"Usually what’s happened is that the conduct has stopped. The evidence that there was price movement back to a new equilibrium is in fact part of the indication that there may have been a manipulation. Usually the return to a 'normal' equilibrium is pointed to as further evidence that there was manipulation. Now I don’t know if that’s the argument here." 

However the existence of  long-term manipulation is an issue of contention in itself. Aronow said: "One of the things I will observe is that anyone who has looked at manipulation would say they [manipulations] can only be maintained over the short-term. So most of the time what you have are short-term manipulations. Prices spike and that becomes part of the investigation." 

Are UK investors ignoring silver?

Financial Express data show that only one fund in a database of 56,000 has a silver ETF in its top ten holdings. 

Silver ignored by UK investors: will it all be gone by 2034? 
Analysts say silver fundamentals are strong with or without manipulation.

Leon Diamond, portfolio manager for New York-based Castlestone Management including Castlestone Aliquot Precious Metalwhich holds equal measures of physical gold, silver and platinum, notes that the correlation between gold and silver is key to understanding the latter's importance as an asset that can withstand economic downturn. 

At current consumption rates it is likely that by 2034 there will no longer be silver left that can be economically mined, Diamond says, against estimates that gold production can be sustained until 2060. 

"Roughly speaking, silver is twice as rare as gold in the long term since it is not recycled like gold. It is recycled only about 40% of the time, compared with 99% for gold. This means that silver is literally disappearing, never to be recoverable." 

"Currently the gold to silver ratio is around 75:1 measured by troy ounces. The long-term mean for the last 350 years has been 30:1. Gold and silver tend to move in similar direction, therefore if the reversion to mean theory stands, silver must move nearly twice as fast as gold on the upside and twice as slow on the downside."


"If they’re looking over the long term, to maintain a manipulated price, that’s a very different notion. To sustain that for an extended period of time, that would be an extraordinary situation. The amount of resources required to maintain an uneconomic price against the market would be huge and the question would be: what is the economic benefit that is gained from that?"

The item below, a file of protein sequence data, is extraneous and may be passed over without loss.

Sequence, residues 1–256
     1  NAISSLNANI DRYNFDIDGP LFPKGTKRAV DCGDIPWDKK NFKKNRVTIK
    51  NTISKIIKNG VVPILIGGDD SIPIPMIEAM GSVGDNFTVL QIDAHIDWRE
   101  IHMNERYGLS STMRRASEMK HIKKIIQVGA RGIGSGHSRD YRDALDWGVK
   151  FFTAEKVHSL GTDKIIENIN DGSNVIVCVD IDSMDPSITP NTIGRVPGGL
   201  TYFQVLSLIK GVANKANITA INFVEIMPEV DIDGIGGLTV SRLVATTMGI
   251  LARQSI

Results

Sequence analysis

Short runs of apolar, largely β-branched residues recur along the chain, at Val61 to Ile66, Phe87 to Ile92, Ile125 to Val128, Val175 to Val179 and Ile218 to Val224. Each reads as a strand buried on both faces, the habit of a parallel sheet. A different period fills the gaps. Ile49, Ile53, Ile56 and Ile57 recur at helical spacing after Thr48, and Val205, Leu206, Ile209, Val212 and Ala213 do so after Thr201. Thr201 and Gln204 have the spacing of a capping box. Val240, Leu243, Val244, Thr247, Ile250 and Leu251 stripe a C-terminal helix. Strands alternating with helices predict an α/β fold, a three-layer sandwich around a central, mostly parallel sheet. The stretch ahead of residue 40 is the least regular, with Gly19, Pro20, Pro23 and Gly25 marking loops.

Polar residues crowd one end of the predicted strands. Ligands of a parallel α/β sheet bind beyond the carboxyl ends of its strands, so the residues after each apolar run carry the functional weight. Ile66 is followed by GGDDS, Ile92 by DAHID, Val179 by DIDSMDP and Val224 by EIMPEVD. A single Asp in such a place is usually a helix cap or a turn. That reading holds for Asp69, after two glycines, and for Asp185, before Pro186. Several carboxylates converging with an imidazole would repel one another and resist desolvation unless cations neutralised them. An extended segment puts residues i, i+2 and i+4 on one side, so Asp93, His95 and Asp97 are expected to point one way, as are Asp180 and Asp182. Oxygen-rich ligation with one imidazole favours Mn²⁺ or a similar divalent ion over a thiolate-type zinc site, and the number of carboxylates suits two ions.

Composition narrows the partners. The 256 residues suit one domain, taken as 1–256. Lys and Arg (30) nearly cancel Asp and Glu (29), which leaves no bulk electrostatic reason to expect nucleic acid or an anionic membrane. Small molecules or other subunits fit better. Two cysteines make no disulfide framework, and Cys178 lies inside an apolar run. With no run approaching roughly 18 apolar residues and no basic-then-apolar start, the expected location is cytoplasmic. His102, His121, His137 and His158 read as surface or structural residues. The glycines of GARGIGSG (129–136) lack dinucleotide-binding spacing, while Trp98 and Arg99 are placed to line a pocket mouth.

He said: "For the CFTC, in recent years, virtually every investigation has been based on the notion that the uneconomic behaviour in one market benefited the behaviour in another market. For example manipulating the closing price in an uneconomic way in the futures market but you had a much larger position in the OTC market that was settled off that price. But that’s a short-term manipulation at close of contract. Part of the question that has to be asked is that, if they are doing it for an extended period, what is the pay off?"

Ted Butler, whose allegations of ongoing manipulation are believed to be the subject of the current investigation, said that Aronow’s points were “encouraging”. 

He said: "He (Aronow) confirms a number of contentions of mine: One, the CFTC has never busted up an ongoing manipulation (crime in progress), and therefore, has no experience with one." 

"Two, the allegations are based upon evidence that is from their own data, so it doesn't matter what participants may say or know about the entire market. 

"Three, that evidence is credible enough that it obviously warrants an investigation. 

"Four, they are obviously afraid or reluctant to talk to me, even though it is clear I am the instigator of allegations. 

"Five, because it is a long-term manipulation, the stakes are enormous." 

Butler agreed with Aronow that there had to be an intent to manipulate the market and an economic justification for doing so: “There is no legitimate economic justification (for large short positions held by one or two players in the silver futures market) and the intent to manipulate couldn't be more clear, namely, financial survival for the big concentrated shorts.“ 

Butler said: “To lose control and be forced to cover shorts would set off a price explosion that would cripple them (those involved in the alleged manipulation) financially and expose the manipulation for all to see. The "return" to free market prices he talked about.” 

When the current investigation was revealed in US press in September 2008, CFTC Commissioner, Bart Chilton, said he had received 700 emails complaining about large short positions in the silver futures market. 

In an email to a member of the public on 27 December, Chilton said: “I requested an investigation, which is ongoing. I have been briefed and believe that the investigators are making progress." 

Greg Mocek, who left the division in July 2008, said that the division only responds to legitimate tips, not political pressure and that the validity of complaints had to be vetted before full investigations were initiated. He said that “if” Chilton had requested the investigation it was probably not politically motivated: "since you don't hear U.S. politicians crying about silver prices being too low."